Carl Hayden: Hayden is arguably the most important Arizonan ever. He began working in Washington, D.C., to secure water for the sparsely populated desert state in 1902 and became Arizona’s first congressman upon statehood. He was the son of Charles Trumbull Hayden, a Tempe founder, and helped transform the pioneer territory into a modern state. Hayden quietly worked on national parks, military affairs, Indian matters and was instrumental in winning the Central Arizona Project. The $4 billion CAP diverted Colorado River water to Phoenix and Tucson and was the largest, most expensive water project in U.S. history. His 56 years in Congress have been eclipsed only once.

Barry Goldwater: The conservative icon transformed the Republican Party and helped usher Ronald Reagan to power. Born to merchant pioneers, Goldwater ended segregation in his family’s stores and pushed for the same in schools but later voted against the 1964 Civil Rights Act. His 1964 presidential bid spurred fears he’d launch a nuclear war and his defeat seemed like a blow to Republicans. But Goldwater’s ideas helped Western conservatives push Eastern liberals from control of the party. He played a key role in the Watergate aftermath by helping to convince President Richard Nixon to resign. Goldwater’s libertarian beliefs rankled some conservatives with his support of abortion rights and gays serving openly in the military.

Sandra Day O’Connor: O’Connor lived without running water or electricity in her early years growing up on a ranch. Tough times returned after law school, when law firms figured women should be secretaries and not lawyers. O’Connor co-founded a firm and eventually became the first state senate majority leader in the U.S. Her 1981 nomination to the Supreme Court riled conservatives and liberals. But the first woman on the court was highly regarded for building coalitions, making her among the most influential justices in her 24 years on the bench.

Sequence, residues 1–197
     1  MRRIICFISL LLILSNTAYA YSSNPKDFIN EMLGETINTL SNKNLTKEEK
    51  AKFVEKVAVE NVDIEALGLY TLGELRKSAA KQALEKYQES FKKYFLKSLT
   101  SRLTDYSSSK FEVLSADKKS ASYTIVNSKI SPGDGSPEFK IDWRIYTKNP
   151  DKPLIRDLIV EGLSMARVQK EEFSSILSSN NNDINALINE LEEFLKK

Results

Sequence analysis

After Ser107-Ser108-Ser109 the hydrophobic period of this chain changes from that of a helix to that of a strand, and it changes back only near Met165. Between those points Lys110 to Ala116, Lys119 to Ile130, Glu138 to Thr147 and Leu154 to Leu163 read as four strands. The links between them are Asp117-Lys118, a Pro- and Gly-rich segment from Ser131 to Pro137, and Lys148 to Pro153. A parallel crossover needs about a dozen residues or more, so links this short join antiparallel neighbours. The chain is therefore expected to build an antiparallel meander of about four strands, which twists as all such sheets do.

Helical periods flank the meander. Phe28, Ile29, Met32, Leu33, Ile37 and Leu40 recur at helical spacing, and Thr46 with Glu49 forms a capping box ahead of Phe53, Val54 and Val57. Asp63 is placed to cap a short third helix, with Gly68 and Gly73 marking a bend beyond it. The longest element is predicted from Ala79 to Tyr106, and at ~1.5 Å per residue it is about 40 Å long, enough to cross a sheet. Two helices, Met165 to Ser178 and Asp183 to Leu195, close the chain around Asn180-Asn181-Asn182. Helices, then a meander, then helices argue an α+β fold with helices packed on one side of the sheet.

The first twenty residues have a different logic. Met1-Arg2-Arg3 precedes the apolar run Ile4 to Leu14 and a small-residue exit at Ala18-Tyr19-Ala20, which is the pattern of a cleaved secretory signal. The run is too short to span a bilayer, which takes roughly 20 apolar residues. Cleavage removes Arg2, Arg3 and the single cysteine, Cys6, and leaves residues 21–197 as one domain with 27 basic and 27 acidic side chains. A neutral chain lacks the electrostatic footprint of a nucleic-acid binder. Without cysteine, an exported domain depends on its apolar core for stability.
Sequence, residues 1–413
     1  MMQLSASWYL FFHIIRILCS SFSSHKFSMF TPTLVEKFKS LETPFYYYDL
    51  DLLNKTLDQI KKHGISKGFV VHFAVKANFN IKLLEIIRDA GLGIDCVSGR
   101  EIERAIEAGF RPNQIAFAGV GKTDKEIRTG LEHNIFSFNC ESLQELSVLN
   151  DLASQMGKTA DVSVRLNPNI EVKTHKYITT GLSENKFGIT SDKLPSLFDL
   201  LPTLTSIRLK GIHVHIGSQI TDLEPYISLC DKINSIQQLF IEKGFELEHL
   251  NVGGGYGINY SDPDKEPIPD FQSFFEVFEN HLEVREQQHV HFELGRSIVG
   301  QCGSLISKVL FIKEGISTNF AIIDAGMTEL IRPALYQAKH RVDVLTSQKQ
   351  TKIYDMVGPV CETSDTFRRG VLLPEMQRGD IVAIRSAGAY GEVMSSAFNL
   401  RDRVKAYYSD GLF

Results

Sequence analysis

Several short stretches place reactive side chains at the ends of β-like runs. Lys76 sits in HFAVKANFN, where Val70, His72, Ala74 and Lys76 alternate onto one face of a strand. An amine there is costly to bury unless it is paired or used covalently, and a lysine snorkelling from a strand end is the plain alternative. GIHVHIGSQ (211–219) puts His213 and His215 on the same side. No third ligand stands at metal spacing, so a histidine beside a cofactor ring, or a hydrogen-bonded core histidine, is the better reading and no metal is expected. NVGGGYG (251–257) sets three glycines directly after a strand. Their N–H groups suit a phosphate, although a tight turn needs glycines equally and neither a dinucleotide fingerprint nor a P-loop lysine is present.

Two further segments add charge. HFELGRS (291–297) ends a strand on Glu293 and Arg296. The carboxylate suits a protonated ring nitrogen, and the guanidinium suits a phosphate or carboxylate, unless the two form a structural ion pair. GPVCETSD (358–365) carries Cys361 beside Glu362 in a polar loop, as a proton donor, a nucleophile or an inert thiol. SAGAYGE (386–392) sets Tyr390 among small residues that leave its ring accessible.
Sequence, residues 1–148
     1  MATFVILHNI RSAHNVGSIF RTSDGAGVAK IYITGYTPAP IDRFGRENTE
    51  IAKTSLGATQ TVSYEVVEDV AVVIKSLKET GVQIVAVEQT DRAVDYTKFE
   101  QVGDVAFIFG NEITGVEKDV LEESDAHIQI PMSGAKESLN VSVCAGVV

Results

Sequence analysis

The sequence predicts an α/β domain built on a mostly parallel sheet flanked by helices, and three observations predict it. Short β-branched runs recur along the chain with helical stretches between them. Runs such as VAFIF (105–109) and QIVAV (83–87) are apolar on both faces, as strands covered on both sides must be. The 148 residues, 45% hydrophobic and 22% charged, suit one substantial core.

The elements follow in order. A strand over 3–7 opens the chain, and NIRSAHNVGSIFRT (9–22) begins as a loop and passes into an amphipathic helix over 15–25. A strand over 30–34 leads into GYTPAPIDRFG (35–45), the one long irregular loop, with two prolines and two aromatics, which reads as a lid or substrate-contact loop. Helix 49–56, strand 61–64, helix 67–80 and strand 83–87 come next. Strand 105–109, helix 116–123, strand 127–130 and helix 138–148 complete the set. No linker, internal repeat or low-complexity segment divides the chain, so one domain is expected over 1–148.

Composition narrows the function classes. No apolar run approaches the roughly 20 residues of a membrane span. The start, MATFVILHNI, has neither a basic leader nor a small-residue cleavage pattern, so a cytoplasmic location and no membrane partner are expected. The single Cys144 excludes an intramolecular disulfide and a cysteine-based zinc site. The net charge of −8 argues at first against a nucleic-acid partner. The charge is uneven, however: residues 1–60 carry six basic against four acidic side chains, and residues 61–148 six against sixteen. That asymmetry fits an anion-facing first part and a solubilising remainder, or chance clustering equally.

Cesar Chavez: Born in Yuma in 1927, Chavez became a farm worker who endured low wages, unsafe conditions and racism. He founded what is now the United Farm Workers in 1962, gradually gaining support nationwide for laborers and Hispanic civil rights. Chavez organized strikes and boycotts on table grapes, eventually forcing some states to bargain with his organization. The movement gradually improved conditions for migrant workers who had suffered exploitation. Some states recognize Chavez’s birthday as a holiday and many buildings, schools and parks bear his name. His slogan, “Si, se puede,” or “Yes, it is possible,” endures today.

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